Getting to the base of the mountain proved an adventure in itself. You didn’t really want to walk from town to the dirt road that leads to the start of the trail and there weren’t any pickup trucks or regular taxis heading up there. So we took three different moto-taxis. It was the most dangerous and gut wrenching moto-taxi ride I have ever experienced. Picture a three wheeled vehicle the size of a golf cart attempting to climb a steep rocky mountain road complete with cliff-like edges and boulders the size of watermelons in your path. At multiple points we had to exit and push the moto ourselves to keep it from rolling backwards. This went on for about four miles as a band of Honduran mountain workers laughed, watching us with pick-axes as they hiked the road themselves on foot. Finally we called it quits and started the hike towards the visitor center.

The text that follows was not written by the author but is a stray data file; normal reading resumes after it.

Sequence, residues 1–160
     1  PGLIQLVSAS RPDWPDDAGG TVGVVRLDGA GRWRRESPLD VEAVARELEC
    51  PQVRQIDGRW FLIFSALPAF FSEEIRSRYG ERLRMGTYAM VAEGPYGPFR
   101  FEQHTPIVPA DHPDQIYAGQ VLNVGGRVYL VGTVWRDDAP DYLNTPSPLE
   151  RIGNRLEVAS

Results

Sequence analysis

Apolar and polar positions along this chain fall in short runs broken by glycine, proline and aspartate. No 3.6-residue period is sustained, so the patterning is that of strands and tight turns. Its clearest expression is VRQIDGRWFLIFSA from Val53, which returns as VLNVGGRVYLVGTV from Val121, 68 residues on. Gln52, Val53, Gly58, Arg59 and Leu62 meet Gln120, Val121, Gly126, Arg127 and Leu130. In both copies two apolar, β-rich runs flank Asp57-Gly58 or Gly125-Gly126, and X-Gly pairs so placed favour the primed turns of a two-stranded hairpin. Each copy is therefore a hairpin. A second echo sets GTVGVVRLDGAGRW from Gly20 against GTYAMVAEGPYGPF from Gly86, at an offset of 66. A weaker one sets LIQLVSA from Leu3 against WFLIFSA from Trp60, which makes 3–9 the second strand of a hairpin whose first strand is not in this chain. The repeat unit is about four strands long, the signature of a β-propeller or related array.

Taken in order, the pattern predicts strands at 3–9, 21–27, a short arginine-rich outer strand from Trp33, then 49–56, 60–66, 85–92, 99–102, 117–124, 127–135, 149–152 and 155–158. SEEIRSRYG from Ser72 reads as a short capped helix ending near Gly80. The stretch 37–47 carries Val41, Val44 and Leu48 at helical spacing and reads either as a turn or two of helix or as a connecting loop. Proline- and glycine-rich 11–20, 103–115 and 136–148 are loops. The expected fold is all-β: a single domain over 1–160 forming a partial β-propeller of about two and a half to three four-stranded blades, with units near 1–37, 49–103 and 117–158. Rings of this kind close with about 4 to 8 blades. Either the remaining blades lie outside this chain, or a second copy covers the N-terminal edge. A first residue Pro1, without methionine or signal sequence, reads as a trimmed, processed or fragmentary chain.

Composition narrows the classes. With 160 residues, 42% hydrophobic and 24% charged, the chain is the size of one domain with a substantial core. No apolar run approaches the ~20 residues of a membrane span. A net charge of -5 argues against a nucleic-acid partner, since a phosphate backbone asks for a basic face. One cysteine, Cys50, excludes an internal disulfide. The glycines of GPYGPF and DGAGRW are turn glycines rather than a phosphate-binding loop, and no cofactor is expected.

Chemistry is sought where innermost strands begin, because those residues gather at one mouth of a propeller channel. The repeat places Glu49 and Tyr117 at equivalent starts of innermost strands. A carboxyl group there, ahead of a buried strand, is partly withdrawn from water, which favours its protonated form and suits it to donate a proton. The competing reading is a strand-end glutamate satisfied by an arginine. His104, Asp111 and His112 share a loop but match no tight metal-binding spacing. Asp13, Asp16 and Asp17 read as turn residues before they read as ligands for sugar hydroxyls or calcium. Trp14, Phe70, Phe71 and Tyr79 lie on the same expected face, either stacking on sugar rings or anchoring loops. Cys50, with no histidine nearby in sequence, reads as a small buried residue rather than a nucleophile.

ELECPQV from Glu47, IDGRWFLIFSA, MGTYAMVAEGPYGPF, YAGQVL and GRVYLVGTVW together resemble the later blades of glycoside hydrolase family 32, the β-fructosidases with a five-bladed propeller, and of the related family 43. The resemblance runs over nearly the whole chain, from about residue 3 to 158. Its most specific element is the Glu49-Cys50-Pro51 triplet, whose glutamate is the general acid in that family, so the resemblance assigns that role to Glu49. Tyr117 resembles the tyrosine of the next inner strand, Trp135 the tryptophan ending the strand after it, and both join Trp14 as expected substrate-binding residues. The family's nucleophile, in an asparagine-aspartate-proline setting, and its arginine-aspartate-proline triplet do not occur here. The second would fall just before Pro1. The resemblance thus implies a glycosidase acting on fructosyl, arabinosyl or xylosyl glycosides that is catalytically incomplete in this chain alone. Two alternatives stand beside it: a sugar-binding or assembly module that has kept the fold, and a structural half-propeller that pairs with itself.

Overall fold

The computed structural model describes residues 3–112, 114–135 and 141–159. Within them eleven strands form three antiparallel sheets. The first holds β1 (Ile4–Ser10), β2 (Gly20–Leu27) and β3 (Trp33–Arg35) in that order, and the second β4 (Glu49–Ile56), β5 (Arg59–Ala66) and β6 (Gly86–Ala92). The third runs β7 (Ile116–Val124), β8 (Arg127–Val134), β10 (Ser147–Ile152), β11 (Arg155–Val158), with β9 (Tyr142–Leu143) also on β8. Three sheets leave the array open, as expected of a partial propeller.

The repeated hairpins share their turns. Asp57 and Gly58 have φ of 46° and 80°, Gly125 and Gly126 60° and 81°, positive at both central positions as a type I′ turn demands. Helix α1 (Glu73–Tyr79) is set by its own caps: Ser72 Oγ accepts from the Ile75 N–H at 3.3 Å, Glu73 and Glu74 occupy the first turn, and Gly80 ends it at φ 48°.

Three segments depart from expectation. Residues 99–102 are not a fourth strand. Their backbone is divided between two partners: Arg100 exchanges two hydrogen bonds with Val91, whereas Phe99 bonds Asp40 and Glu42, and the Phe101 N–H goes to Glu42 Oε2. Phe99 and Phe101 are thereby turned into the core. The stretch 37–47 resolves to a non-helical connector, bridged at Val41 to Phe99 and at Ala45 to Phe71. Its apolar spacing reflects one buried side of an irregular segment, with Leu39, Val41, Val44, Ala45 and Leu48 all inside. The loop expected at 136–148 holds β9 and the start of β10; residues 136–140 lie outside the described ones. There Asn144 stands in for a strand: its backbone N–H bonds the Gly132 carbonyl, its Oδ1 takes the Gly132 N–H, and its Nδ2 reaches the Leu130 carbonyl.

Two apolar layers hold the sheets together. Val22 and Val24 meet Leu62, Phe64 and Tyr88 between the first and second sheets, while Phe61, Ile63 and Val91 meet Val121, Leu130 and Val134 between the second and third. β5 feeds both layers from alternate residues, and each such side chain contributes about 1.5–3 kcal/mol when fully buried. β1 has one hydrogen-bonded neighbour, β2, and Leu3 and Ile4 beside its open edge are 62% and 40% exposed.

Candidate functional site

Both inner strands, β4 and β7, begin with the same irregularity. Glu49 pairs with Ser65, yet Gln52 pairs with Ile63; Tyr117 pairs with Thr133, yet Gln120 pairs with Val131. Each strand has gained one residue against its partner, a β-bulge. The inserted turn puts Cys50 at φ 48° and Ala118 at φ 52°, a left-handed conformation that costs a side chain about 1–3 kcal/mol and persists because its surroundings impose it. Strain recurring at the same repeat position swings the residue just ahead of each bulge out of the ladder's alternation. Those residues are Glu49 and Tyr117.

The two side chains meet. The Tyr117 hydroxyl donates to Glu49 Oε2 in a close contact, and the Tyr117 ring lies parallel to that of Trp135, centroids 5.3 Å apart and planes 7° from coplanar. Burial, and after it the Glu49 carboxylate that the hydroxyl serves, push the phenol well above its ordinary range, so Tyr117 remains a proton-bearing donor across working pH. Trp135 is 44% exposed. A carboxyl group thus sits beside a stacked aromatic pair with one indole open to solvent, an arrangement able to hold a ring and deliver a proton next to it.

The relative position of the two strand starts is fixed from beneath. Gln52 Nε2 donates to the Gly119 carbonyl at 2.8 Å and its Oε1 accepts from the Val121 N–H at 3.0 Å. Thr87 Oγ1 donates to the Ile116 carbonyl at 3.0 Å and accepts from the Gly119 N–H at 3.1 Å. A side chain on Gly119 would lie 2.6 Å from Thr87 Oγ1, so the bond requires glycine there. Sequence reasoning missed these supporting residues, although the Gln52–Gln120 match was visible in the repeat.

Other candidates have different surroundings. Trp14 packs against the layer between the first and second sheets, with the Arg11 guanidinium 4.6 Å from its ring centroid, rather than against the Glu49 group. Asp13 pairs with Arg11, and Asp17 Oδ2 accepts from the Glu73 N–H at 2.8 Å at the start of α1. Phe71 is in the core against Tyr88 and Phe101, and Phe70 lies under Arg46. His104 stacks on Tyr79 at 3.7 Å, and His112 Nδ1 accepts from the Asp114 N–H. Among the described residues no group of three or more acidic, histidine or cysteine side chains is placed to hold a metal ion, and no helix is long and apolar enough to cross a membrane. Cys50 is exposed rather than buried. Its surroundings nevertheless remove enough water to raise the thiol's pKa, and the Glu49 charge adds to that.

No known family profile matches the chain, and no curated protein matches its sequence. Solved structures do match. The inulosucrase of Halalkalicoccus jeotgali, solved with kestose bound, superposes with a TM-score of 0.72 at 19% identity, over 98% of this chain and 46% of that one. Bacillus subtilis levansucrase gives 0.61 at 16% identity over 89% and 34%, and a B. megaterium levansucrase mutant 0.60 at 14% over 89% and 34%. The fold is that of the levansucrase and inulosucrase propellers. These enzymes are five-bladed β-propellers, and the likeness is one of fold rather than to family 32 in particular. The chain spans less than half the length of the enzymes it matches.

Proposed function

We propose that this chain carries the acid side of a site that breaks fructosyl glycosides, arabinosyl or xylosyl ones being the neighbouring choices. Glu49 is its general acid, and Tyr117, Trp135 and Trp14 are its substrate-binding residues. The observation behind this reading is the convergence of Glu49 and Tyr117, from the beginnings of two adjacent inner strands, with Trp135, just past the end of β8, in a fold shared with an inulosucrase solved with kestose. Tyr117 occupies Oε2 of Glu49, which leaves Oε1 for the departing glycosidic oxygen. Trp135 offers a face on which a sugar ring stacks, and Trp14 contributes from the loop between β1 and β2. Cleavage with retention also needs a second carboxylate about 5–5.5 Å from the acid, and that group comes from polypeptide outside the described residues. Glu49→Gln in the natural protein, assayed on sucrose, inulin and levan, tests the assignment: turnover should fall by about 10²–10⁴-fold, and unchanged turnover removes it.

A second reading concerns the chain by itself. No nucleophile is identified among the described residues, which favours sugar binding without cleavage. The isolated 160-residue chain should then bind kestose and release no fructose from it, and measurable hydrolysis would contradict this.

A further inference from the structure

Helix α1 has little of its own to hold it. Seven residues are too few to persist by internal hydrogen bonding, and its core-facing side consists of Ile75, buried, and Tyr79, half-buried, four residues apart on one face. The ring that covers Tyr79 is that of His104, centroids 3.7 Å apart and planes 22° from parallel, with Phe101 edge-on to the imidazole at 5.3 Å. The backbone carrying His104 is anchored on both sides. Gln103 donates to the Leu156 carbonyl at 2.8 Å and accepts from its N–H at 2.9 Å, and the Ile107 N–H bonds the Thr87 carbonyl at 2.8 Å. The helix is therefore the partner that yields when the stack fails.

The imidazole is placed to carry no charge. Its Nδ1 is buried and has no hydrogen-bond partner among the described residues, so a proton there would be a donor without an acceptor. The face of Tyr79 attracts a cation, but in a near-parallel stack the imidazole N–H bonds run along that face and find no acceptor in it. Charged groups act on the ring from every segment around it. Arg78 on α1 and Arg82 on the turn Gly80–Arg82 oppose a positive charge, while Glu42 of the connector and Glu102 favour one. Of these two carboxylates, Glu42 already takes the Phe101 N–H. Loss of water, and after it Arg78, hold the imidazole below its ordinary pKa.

The visitor center was brand new and really nice. After figuring out what route we were all taking, we began the first leg of our hike to the second camp about two-thirds up the mountain. The first leg of the height was relatively short but steep. It took us about five hours to make it to our camping spot. And in that time span we took turns singing Disney songs, 90’s classics, and reciting poetry verses. Gracias had been hot and humid and the sun was merciless on the hike up. But by the time we arrived at camp, it became clear we were going to be extremely cold that night. Due to our packing limitations (camping with only a school-sized backpack), none of us had very warm clothes, blankets, or gear. Not only that but we were covered in sweat and the ground was damp. You don’t think that Honduras can ever get cold while you’re getting crispy in the tropical sun day in and day out, but at those higher altitudes it can get surprisingly nippy.